by Vianka McConville
I don’t know everything about the communications industry and I don’t pretend to. I still have much to learn (and think we all do regardless of how long we have practiced), but there are a few things I have picked up on what not to do. Here are five ways to be a lousy PR practitioner:
1. Stop Learning – Communication is dynamic and constantly evolving. Communication tactics that worked five years ago (or even last year) may not be the best solution for a client challenge tomorrow. It is important to read, read, and read some more. Be knowledgeable of new technology and stay aware of changing ideals with each generation.
2. Believe the Client is Always Right – While we have to be sensitive to why a client may disagree with a proposed course of action, sometimes we just have to be better in explaining the plan. If we are presenting an idea, that means we took the time to research, vet the situation and find the best solution through strategy. Understand when ‘no’ means ‘I don’t see the value in that’ and provide further clarification to ensure everyone is on the same page before taking an idea off of the table.
3. Send the Same Pitch to Every Reporter you Have Ever Met – Blasting the same email to all contacts is super easy; however, very ineffective and it will backfire when a blanket pitch hits the inbox of a frustrated reporter. Take the time to review your list of reporters every time and make sure those people would be interested in what you have to say.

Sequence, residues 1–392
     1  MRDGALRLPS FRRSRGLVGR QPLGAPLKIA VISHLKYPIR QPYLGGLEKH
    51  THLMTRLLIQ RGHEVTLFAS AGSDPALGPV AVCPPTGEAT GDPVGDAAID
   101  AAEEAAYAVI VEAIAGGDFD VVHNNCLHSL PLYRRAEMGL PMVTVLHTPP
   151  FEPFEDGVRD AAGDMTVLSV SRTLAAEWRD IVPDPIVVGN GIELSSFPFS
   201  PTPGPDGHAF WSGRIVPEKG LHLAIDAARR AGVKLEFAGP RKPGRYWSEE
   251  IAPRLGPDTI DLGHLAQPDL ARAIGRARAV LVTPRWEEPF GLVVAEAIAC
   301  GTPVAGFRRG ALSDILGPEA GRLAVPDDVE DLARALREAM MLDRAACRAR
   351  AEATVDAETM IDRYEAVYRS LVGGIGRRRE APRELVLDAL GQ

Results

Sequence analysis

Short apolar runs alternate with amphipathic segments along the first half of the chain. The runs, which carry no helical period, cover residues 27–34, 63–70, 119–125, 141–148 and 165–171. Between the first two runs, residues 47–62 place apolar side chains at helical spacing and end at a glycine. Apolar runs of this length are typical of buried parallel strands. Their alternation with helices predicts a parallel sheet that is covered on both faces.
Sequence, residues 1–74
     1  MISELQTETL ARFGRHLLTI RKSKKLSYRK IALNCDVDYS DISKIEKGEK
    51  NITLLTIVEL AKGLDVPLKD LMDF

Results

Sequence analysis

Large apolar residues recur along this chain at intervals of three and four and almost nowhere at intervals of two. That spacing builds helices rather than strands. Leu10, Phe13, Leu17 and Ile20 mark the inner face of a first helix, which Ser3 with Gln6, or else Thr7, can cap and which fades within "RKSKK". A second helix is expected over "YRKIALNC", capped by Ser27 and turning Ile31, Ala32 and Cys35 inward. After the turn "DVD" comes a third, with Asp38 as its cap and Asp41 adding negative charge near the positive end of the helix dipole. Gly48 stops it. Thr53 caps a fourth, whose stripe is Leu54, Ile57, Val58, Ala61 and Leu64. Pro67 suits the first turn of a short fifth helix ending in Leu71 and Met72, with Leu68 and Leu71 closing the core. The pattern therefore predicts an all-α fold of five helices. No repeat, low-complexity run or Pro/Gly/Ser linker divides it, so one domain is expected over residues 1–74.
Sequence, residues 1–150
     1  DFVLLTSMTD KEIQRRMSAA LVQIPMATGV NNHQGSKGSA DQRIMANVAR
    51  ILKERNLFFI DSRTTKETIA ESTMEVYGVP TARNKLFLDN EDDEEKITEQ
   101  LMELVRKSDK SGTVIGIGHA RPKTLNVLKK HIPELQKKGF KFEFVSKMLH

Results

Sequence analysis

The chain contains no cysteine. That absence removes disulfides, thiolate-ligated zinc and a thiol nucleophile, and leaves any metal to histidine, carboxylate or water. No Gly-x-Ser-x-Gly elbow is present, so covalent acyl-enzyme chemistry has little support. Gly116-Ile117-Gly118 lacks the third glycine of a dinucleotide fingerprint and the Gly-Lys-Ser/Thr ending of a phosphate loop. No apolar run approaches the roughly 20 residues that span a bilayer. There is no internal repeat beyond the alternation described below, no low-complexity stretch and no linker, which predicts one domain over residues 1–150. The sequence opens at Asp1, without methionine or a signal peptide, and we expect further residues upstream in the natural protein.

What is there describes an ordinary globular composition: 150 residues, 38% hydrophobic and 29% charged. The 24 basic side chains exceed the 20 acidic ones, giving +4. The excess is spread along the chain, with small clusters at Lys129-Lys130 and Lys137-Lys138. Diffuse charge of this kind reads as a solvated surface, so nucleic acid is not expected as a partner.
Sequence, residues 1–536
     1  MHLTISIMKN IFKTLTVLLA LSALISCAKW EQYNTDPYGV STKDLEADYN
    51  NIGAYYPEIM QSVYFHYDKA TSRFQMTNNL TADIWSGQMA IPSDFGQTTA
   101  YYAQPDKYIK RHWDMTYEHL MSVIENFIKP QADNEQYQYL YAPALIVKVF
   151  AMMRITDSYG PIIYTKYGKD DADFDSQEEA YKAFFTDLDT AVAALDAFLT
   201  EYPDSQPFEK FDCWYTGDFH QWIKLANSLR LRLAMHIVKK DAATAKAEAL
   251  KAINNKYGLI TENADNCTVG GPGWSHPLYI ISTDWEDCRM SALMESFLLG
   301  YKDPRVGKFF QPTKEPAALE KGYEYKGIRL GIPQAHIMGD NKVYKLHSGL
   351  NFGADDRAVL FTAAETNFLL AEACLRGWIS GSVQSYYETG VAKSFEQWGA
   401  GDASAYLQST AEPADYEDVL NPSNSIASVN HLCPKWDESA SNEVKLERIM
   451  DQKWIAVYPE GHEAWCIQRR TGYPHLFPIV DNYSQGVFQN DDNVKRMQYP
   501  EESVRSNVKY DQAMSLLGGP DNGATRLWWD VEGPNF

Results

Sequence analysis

4. Give Up on Writing – Writing is hard. Writing well is harder. It takes practice and patience to create an interesting story. Keep practicing.
5. Dismiss Old School Tactics – Instagram. Twitter. Facebook. Google Plus. Blog. Email. NAPS. One of these is not like the others. We have numerous channels to share our message. While some may be favored for being flashy or in line with millennial preferences in receiving news, some goals are better achieved by a face-to-face conversation or boots-on-the-ground campaigning. Be sure to stay open to all PR tactics when tackling an objective, not just those that are easy to complete with the click of a mouse.
What is on your list?